Perspectives from around the world

How much carbon dioxide?

When people talk about climate change and carbon dioxide, they often talk about tonnes of CO2 emitted from different facilities, countries or regions over different periods of time - often annually. Of course, when they describe emissions from power plants the units are most commonly in millions of tonnes per year. For countries, the units become hundreds of millions of tonnes per year and for regions it changes to gigatonnes per year. We all know that a million is a large number - so a 'giga' must be really big. So when we hear that global emissions of carbon dioxide in a recent year totalled over 30 gigatonnes (or 30 Gt), we know it is a lot of CO2 - but do we really have any serious understanding of just how much that is? It is, of course, 30,000,000,000 tonnes - but who knows how much space a tonne of carbon dioxide occupies? 

This can be calculated using Avagadro's Hypothesis that one mole of a gas occupies 22.4 litres at 'standard temperature and pressure' (STP - zero degrees Celsius and one atmosphere of air pressure - or a freezing cold day at sea-level). One mole of CO2 weighs 44 grams. So 1 gram of CO2 will occupy 22.4/44 litres at STP and 1 kilogram will occupy a space of (1000 times 22.4/44) litres which is 509 litres. One tonne of CO2 will, therefore, have a volume of 1000 x 509 litres or 509 cubic metres (m3).  

My local swimming baths is 25 metres long and 15 metres wide, so one tonne of CO2 will fill it to a depth of 1.36 metres - which is about the depth of the water in the swimming pool.  

At present, the largest single point source of CO2 emissions in Europe is the Belchatow lignite-fired power plant in Poland. When all of its units are operating, it will be emitting over 33 million tonnes of CO2 each year. There are also two plants in Germany that emit close to 30 million tonnes/year and the largest plant in the UK emits around 20 million tonnes/year - a similar size to the largest of the Australian coal-fired power plants. 

A simple mathematical calculation shows that there are 31, 536,000 seconds in one year. So the Belchatow power plant will emit over one tonne of CO2 every second. In other words, it would emit enough CO2 to overfill my local swimming baths every second of every day. Another way of looking at this much CO2 is how long it would take the power plant to fill a 'super stadium' - such as the new 100,000-seater Wembley (1.4 million m3) or the massive Melbourne Cricket Ground (MCG - 1.7 million m3). The answer is 37 minutes for Wembley and 55 minutes for the MCG. So one - admittedly very large - power plant could totally fill Wembley Stadium with CO2 thirty-nine times a day, every day, every year (or the MCG 26 times each day, every day, every year). 

The largest CO2 emitting country in Europe is Germany. The German power sector emits 345 million tonnes of CO2/year - which is 945,000 tonnes each day. This could totally fill Wembley Stadium 422 times every day - or once every five minutes. The emissions from the German industrial sector could fill it an additional 212 times each day. Of course, this is only a part of the story. Total emissions are significantly higher as they must include all forms of transport, domestic and agricultural emissions - but many of these emissions are difficult or near impossible to capture and store as they are much more dispersed.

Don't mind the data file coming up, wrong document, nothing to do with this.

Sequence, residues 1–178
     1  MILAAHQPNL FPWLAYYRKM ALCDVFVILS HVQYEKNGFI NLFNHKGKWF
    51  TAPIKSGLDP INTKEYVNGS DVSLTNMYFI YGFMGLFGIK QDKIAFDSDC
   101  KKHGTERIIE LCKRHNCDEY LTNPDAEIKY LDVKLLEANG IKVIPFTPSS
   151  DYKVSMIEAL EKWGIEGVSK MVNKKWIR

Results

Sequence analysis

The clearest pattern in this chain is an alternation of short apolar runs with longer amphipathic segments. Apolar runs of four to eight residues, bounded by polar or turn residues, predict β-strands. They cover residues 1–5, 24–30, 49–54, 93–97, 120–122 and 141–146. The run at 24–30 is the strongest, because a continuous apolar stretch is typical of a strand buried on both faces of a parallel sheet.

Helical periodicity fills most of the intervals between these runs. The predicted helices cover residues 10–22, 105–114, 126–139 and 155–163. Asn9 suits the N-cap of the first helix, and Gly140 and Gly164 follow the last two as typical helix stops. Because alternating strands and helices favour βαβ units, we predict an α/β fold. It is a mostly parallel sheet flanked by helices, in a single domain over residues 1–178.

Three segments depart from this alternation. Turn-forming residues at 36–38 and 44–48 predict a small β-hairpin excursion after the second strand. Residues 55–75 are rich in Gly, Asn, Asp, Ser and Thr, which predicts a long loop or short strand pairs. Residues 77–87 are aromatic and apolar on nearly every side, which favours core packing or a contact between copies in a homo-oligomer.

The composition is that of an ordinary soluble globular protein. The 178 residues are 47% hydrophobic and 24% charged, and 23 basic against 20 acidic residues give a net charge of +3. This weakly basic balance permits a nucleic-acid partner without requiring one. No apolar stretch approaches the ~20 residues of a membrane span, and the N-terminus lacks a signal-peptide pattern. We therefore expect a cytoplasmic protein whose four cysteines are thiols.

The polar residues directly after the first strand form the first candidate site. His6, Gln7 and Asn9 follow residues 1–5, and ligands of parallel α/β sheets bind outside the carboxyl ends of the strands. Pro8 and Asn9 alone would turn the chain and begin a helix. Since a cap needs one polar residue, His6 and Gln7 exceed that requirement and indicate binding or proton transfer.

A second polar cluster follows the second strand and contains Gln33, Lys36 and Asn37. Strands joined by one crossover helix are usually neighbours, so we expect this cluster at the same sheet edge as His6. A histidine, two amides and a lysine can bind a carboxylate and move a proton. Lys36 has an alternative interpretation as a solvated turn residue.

Australian national emissions, for example, are around 540 million tonnes of CO2/year, but only around 200 million tonnes of these come from the power sector. Even so, the Australian power sector alone emits sufficient carbon dioxide to completely fill the MCG 164 times each day (or every nine minutes).  

So when we talk quite nonchalantly about a gigatonne of CO2 in a year, we mean enough CO2 to fill Wembley stadium about four hundred and fifty thousand times (yes, 450,000) each year or three hundred thousand (300,000) MCGs.  

Do the math for a stadium near you!  

Of course, you still have to multiply the number you get by 30 as our global annual emissions exceed 30 gigatonnes - and they are increasing every year. 

Did we really think we could pump these waste gases into our atmosphere without having any impact on the air that we breathe or our climate? How much longer do you think we can continue to do it? Is it not much more sensible - and responsible - to capture as much of the gas as we can, compress it (reducing its volume by 600 times or more) and pump it deep underground where it will stay without any negative effects on us or our environment? 

Take a deep breath! During the time you have been reading this (assuming approximately five minutes), then globally we have emitted enough carbon dioxide to fill Wembley stadium 130 times.....

23 Jul 2013 | zubi

fine.. its a good explanation to calculate about CO2. but can anyone guide me that how much tonnes or gigatonnes of CO2 can raise earth's temperature by 1 degree celsius?

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21 Dec 2013 | Roger Longden

Heard that it is a Tera Ton or 1000 Giga Tonnes for a 1 degree celsius average temperature increase. If anyone knows of different a guestimate please respond. And is it really true that about 10 GTon of just Carbon are being put into the atmosphere now. Then how much of that gets sequestered by the oceans or is that the residual after sequester. Been looking for this information and haven't stumbled upon it yet. Thank you.

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23 Sep 2013 | Sapoty Brook

There is an excellent Myth Busters episode where they showed that CO2 increased the heat trapped in the atmosphere by about 1C.